Thursday, November 8, 2007

Social network distinctions: the ego and the object

Those of us working with brands eager to get into some kind of social networking action (if only they because they are so excited to see that consumers will talk about their brands for free) know how challenging it can be to explain the differences among the various options, let alone make a strong strategic case for the impact or sustainability of one play over another.

Fred Stutzman over at unit structures has a whole bunch of smart and well-researched ideas on the subject worth checking out. But over the past week, in response to the recent announcements about Google's Open Social and FB's Social Ads, he's articulated some particularly useful and provocative claims about the viability of social networks in two posts: here and here.

He starts with a distinction between ego-centric network which places the individual at the core of the network experience (FB, Friendster, Orkut) and object-centered networks which place a social object at the center (Digg: news item; Flick: photo). And then goes on to suggest the source of value in each network model:
Object-centric social networks offer core value, which is multiplied by network value. A great photo-hosting service like Flickr stands alone without the network, making it less susceptible to migration. An ego-centic network, on the other hand, has limited core-value - it's value is largely in the network - making it highly susceptible to migration. We see this with Myspace: individuals lose little in terms of affordances when they migrate from Myspace to Facebook, making the main chore of migration network-reestablishment, a chore made ever-simpler as the migration cascade continues.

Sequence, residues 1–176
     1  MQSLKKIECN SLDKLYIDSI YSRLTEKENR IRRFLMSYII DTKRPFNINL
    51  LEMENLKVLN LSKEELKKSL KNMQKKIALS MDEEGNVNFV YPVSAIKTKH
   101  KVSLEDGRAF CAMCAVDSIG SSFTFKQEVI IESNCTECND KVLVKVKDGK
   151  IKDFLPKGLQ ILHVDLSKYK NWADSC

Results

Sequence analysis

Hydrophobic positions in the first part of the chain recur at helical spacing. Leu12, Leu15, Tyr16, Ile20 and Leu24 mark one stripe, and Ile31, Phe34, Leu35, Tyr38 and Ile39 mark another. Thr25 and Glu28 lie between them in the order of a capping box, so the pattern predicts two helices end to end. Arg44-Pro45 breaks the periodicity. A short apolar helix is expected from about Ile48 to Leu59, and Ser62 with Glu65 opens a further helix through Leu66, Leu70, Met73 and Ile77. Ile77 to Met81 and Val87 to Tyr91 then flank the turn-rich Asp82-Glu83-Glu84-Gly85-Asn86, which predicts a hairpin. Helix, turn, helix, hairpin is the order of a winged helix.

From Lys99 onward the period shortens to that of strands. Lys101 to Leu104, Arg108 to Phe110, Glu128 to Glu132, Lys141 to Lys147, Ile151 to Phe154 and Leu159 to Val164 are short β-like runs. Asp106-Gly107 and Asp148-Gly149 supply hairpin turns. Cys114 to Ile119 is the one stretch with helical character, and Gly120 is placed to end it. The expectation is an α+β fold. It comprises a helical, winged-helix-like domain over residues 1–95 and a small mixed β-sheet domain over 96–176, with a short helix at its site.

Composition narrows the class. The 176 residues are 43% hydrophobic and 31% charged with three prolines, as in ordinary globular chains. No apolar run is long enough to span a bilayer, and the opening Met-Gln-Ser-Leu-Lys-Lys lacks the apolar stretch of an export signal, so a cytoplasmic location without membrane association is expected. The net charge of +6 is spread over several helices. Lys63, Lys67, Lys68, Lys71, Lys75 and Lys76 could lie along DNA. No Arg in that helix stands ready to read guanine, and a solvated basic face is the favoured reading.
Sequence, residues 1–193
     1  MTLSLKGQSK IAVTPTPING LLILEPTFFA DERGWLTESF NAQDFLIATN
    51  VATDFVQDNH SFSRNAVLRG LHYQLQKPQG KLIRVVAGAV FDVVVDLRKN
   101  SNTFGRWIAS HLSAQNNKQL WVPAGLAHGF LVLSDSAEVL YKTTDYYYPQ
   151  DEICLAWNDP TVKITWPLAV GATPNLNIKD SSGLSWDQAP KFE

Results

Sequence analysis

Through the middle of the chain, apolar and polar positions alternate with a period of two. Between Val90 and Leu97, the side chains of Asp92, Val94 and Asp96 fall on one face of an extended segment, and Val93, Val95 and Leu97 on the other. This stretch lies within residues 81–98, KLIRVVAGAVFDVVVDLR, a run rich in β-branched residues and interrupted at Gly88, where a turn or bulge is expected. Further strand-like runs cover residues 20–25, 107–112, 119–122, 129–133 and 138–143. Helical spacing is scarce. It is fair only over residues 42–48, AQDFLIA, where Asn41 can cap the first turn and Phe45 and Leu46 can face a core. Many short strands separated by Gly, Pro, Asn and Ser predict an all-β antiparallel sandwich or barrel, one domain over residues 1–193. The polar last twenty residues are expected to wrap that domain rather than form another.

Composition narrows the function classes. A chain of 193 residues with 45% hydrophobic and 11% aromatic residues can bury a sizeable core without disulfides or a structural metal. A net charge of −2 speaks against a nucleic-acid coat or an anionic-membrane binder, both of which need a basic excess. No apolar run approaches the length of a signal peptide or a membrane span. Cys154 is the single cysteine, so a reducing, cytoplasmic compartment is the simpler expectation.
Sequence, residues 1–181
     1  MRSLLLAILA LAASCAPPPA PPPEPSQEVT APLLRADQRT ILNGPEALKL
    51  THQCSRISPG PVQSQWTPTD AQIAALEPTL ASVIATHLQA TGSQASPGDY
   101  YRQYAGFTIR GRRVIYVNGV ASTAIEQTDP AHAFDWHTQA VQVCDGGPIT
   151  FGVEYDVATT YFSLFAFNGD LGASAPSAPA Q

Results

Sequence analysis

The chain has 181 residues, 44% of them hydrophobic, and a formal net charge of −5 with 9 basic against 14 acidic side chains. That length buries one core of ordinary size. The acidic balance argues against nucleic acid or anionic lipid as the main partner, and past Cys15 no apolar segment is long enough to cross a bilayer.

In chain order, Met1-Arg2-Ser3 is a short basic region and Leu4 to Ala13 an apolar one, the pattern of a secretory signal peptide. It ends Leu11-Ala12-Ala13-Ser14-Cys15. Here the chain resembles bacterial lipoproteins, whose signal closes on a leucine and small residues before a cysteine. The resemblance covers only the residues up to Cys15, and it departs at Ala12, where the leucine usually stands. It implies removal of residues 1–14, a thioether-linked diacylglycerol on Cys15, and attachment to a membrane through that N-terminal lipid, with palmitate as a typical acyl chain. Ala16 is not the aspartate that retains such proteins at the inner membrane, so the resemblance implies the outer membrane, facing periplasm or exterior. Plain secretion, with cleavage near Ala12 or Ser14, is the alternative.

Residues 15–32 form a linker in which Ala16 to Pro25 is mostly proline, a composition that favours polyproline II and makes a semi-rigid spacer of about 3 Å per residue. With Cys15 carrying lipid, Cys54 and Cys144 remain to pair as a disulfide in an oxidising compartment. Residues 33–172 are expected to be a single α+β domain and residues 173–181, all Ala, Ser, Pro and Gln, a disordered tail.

They key to maintaining value, says Stutzman, is maintaining situational relevance. But once ego-centric networks lose that relevance, their days are numbered. FB still has a lot of growth left in it, but eventually, Stutzman suggests, we'll be moving on to another bar down the street, no matter what they do to spruce the place up.
Try as they might, once ego-centric social networks lose situational relevance, its pretty much impossible for them to retain their status. Myspace users have exhausted the Myspace experience; they've done all they can do, they've found all the people they can find, so now its time to find a new context. We naturally migrate - we don't hang out in the same bar or restaurant forever, so why would we assume behavior would be any different online?

Here's where I get to my point: It's all about networks. The coolest tools, the best exclusive media - these are only "fingers in the dam" to keep users in non-situationally relevant spaces. Networks naturally migrate from place to place - slowly at first, followed by a cascade as switching costs decrease - and no tools or content or affordances can really stop that.
Agree or disagree, Stutzman's points offer a useful conceptual foundation for thinking through the right social network fit.

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